The Journal of the American Medical Association has released a research letter showing an alarming spike in teen overdose deaths between 2020 and 2021 after decades of low and stable rates. Conducted by Joseph Friedman and colleagues, the study found that among young people ages 14-18, the overdose death rate doubled between 2019 and 2020 and rose another 20% in the first half of 2021.
“This study shows us that fifty years into the war on drugs, punitive approaches are failing young people and their families, particularly racial and ethnic minorities,” said Sheila Vakharia, PhD, Deputy Director of the Drug Policy Alliance’s Department of Research and Academic Engagement. “Now more than ever, teens need reality-based drug education that teaches them how to keep themselves and others safe–when and should they encounter drugs–including access to harm reduction interventions such as naloxone, the opioid overdose reversal medication, and drug checking, which allows people to know if there is fentanyl in the drug supply. Minority youth need more access to evidence-based medications, like methadone and buprenorphine, which can cut the risk of overdose death in half.”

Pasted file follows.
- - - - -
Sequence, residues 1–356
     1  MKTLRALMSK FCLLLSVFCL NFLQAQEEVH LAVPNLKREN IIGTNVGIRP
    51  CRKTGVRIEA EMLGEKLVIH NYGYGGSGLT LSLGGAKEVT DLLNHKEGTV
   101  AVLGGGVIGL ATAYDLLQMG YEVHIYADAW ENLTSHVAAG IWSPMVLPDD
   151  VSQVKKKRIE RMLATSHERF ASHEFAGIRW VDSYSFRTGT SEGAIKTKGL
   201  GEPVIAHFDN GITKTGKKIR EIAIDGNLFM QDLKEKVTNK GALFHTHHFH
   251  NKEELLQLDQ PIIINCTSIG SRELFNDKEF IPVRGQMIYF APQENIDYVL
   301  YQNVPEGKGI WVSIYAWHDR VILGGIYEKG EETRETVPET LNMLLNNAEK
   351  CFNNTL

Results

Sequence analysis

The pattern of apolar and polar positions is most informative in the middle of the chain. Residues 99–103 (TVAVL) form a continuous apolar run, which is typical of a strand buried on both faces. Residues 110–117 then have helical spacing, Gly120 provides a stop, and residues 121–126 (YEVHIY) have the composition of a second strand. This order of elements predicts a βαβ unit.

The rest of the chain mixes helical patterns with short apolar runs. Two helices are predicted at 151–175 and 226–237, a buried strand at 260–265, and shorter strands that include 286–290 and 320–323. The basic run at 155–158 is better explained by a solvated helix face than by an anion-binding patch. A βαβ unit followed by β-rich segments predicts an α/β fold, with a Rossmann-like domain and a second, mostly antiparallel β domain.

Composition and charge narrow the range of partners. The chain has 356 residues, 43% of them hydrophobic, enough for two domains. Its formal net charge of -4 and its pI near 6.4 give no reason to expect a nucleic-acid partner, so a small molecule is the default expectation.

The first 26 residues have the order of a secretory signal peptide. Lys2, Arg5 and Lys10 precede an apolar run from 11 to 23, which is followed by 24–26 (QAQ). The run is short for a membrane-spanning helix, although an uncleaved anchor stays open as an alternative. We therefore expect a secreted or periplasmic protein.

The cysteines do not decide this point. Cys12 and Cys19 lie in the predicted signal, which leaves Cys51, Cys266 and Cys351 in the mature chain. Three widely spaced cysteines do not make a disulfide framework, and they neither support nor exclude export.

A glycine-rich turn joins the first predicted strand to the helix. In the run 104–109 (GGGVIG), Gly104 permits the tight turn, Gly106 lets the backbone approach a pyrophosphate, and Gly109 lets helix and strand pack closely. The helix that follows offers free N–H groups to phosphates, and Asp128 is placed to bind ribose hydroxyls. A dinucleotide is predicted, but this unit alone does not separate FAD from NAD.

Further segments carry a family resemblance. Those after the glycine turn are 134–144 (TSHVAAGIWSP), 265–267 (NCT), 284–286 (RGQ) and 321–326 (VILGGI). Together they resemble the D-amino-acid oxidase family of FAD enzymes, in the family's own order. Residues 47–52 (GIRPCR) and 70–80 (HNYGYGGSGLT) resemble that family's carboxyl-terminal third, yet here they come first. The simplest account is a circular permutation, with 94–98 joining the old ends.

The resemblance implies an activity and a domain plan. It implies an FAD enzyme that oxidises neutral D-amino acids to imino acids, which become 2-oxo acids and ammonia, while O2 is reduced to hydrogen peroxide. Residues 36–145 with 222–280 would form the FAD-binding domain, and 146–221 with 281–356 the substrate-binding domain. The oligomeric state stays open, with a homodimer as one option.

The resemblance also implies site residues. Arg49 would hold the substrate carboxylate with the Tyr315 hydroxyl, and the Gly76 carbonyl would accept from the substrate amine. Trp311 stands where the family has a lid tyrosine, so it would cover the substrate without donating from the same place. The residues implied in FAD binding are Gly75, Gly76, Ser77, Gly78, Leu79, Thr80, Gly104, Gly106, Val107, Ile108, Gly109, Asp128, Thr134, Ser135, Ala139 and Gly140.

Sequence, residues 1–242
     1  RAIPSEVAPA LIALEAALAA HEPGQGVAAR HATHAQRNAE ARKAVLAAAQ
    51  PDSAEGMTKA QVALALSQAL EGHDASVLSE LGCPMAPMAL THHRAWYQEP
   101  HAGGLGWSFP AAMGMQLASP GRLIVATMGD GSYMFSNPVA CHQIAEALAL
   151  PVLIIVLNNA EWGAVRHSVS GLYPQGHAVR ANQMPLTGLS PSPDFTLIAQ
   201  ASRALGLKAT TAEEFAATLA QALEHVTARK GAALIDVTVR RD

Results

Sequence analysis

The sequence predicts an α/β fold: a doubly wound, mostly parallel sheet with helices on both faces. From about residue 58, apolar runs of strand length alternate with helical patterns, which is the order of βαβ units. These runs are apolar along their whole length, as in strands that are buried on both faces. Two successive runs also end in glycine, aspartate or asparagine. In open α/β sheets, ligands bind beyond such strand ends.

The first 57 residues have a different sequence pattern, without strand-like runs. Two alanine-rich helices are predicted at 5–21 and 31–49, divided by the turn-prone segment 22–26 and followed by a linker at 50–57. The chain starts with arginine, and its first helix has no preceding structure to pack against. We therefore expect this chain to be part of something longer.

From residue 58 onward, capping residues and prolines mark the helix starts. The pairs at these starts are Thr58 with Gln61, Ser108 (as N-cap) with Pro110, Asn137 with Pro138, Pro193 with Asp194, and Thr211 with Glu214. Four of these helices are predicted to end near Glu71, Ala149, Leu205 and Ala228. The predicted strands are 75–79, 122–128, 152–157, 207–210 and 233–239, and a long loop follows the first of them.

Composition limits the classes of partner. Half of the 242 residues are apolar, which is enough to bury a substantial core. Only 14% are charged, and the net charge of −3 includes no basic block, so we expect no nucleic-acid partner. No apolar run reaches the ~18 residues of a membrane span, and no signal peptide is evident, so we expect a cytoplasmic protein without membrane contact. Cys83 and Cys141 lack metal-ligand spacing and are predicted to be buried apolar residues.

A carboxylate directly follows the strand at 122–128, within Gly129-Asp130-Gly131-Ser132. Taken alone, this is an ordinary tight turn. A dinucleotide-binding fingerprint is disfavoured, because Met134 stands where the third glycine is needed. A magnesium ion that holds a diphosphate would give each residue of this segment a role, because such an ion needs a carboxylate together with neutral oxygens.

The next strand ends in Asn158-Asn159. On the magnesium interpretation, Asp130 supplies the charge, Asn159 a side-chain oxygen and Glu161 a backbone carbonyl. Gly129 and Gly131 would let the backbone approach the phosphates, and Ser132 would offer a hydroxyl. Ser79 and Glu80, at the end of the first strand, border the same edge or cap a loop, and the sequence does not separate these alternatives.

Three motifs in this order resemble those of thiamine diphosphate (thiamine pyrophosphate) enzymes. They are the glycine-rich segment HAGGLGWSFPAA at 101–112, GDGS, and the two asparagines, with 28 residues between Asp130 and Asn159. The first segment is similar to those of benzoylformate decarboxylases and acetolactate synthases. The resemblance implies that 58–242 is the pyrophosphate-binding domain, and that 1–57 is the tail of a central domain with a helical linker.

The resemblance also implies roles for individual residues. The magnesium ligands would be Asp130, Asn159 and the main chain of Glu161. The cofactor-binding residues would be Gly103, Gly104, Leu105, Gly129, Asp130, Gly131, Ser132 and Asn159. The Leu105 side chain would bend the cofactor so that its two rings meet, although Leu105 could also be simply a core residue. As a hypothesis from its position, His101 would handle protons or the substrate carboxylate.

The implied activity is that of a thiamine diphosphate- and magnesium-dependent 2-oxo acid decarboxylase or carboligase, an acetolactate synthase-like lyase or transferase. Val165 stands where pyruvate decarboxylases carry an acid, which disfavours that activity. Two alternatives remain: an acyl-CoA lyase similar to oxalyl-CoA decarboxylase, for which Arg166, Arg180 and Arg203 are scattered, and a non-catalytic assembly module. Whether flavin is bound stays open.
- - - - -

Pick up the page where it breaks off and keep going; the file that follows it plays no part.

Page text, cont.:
Despite the increase in deaths, rates of drug use among teens remain at an all-time low, suggesting that an increasingly adulterated drug supply is the cause. Drug use is becoming more dangerous, not more common. The authors found that the increase in deaths was almost entirely driven by illicitly-produced fentanyl and its analogs, potent opioids that are mixed into many drugs, including counterfeit pills.
The study also found alarming racial disparities in youth overdose death rates.
The overdose death rate among Indigenous youth increased by 50% between 2020 and 2021, and they have had the highest overall overdose rate among all youth since 2010. Meanwhile, the overdose death rate among Latinx youth rose by 30% between 2020 and 2021, and they had the second-highest rates of overdose deaths since 2019.
The Drug Policy Alliance developed Safety First, the nation’s first harm reduction-based drug education curriculum for high school students. A harm reduction approach to drug education discourages young people from using alcohol and other drugs, but also provides teenagers with information to keep themselves and others safe if and when they encounter these substances. Safety First has been independently evaluated as effective, has seen over 4,000 downloads, and is now actively used in an ever-growing number of schools across the U.S.
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